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Templates are predefined documents (like invoices, tax forms, etc.), or parts of such documents, where each element (text, lines, barcodes, etc.) has a fixed position (x1, y1, x2, y2), style (font, size, etc.) and a default text.

These elements can act as placeholders, so the program can change the default text "filling in" the document.

Besides being defined in code, the elements can also be defined in a CSV file, a JSON file, or in a database, so the user can easily adapt the form to his printing needs.

A template is used like a dict, setting its items' values.

How to use Templates

There are two approaches to using templates.

Using Template()

The traditional approach is to use the Template() class, This class accepts one template definition, and can apply it to each page of a document. The usage pattern here is:

tmpl = Template(elements=elements)
# first page and content
tmpl[item_key_01] = "Text 01"
tmpl[item_key_02] = "Text 02"

# second page and content
tmpl[item_key_01] = "Text 11"
tmpl[item_key_02] = "Text 12"

# possibly more pages

# finalize document and write to file

The Template() class will create and manage its own FPDF() instance, so you don't need to worry about how it all works together. It also allows to set the page format, title of the document, measuring unit, and other metadata for the PDF file.

For the method signatures, see class Template.

Setting text values for specific template items is done by treating the class as a dict, with the name of the item as the key:

Template["company_name"] = "Sample Company"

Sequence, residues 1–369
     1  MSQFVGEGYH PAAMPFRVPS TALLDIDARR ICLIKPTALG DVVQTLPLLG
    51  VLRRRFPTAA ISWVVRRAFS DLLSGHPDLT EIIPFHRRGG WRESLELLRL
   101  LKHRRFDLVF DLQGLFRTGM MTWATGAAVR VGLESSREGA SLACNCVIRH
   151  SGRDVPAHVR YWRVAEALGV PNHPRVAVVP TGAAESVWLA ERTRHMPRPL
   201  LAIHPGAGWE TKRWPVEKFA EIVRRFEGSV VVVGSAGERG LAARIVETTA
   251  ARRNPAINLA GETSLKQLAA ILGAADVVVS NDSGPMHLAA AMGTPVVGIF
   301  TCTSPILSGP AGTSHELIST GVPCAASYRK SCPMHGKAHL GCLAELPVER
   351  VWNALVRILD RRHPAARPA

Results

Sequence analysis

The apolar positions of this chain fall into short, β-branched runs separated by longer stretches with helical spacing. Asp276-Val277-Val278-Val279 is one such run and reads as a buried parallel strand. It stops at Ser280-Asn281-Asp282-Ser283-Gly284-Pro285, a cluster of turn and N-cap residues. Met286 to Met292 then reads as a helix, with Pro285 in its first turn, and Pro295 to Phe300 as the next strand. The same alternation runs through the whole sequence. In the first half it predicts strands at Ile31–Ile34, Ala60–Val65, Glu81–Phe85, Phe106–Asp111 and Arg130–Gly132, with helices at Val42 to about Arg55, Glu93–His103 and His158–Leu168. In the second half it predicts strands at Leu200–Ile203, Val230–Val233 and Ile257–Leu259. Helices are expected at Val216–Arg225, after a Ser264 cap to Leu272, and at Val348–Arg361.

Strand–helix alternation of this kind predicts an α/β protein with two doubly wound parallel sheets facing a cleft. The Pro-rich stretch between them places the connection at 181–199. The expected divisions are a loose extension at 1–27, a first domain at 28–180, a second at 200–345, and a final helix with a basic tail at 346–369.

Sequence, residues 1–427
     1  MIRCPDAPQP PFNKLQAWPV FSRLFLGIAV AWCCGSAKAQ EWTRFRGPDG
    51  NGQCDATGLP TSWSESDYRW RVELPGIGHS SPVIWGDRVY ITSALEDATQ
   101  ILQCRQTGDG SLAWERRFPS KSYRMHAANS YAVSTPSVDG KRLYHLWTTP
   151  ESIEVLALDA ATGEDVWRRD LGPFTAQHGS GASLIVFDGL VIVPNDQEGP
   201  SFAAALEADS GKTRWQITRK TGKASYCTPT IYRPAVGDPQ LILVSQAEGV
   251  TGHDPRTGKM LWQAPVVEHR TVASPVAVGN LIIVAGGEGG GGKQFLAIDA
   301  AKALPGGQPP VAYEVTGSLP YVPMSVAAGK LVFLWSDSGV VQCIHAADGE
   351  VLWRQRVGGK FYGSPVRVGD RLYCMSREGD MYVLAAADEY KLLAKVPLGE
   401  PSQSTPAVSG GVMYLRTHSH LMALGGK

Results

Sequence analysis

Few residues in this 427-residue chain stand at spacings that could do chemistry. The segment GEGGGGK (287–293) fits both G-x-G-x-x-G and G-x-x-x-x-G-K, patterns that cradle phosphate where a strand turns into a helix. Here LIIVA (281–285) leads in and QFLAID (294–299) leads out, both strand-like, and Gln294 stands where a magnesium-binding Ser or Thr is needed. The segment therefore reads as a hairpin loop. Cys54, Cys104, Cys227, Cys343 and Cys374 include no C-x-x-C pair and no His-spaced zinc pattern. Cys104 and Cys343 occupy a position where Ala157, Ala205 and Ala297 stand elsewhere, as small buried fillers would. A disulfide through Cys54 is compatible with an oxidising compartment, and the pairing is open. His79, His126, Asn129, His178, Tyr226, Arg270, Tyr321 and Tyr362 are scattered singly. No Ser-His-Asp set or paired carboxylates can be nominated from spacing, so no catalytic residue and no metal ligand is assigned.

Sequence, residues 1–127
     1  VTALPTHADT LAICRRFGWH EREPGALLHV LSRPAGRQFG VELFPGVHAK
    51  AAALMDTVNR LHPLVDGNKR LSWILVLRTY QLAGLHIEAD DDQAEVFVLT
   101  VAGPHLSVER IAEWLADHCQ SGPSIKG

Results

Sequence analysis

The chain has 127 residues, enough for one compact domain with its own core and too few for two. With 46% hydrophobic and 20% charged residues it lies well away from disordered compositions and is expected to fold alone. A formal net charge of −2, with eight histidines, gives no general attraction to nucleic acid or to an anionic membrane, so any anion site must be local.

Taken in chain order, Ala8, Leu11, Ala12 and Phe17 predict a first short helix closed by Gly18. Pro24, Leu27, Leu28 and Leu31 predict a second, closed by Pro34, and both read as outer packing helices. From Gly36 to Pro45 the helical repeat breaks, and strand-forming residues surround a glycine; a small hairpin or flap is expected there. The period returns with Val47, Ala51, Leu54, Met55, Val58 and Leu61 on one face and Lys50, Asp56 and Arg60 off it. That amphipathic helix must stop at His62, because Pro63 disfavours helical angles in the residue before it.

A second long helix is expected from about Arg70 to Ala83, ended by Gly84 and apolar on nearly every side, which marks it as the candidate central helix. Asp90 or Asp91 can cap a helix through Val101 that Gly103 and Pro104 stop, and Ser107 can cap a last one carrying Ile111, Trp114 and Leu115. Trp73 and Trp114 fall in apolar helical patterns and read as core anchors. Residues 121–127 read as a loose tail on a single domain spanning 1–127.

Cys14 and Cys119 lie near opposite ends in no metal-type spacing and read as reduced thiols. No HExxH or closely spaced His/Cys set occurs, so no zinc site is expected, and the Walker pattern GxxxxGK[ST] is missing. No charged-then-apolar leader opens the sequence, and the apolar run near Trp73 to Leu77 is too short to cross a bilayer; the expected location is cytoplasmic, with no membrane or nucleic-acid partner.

Using FlexTemplate()

When more flexibility is desired, then the FlexTemplate() class comes into play. In this case, you first need to create your own FPDF() instance. You can then pass this to the constructor of one or several FlexTemplate() instances, and have each of them load a template definition. For any page of the document, you can set text values on a template, and then render it on that page. After rendering, the template will be reset to its default values.

pdf = FPDF()
# One template for the first page
fp_tmpl = FlexTemplate(pdf, elements=fp_elements)
fp_tmpl["item_key_01"] = "Text 01"
fp_tmpl["item_key_02"] = "Text 02"
fp_tmpl.render() # add template items to first page

# add some more non-template content to the first page
pdf.polyline(point_list, fill=False, polygon=False)

# second page
# header for the second page
h_tmpl = FlexTemplate(pdf, elements=h_elements)
h_tmpl["item_key_HA"] = "Text 2A"
h_tmpl["item_key_HB"] = "Text 2B"
h_tmpl.render() # add header items to second page

# footer for the second page
f_tmpl = FlexTemplate(pdf, elements=f_elements)
f_tmpl["item_key_FC"] = "Text 2C"
f_tmpl["item_key_FD"] = "Text 2D"
f_tmpl.render() # add footer items to second page

# other content on the second page
pdf.set_dash_pattern(dash=1, gap=1)
pdf.line(x1, y1, x2, y2):

# third page
# header for the third page, just reuse the same template instance after render()
h_tmpl["item_key_HA"] = "Text 3A"
h_tmpl["item_key_HB"] = "Text 3B"
h_tmpl.render() # add header items to third page

# footer for the third page
f_tmpl["item_key_FC"] = "Text 3C"
f_tmpl["item_key_FD"] = "Text 3D"
f_tmpl.render() # add footer items to third page